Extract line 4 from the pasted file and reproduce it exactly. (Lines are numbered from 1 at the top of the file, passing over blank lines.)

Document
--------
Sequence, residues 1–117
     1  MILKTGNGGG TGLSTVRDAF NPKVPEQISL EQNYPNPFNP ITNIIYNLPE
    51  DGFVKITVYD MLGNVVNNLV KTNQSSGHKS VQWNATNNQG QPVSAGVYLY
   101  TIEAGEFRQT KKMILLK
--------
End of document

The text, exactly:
   101  TIEAGEFRQT KKMILLK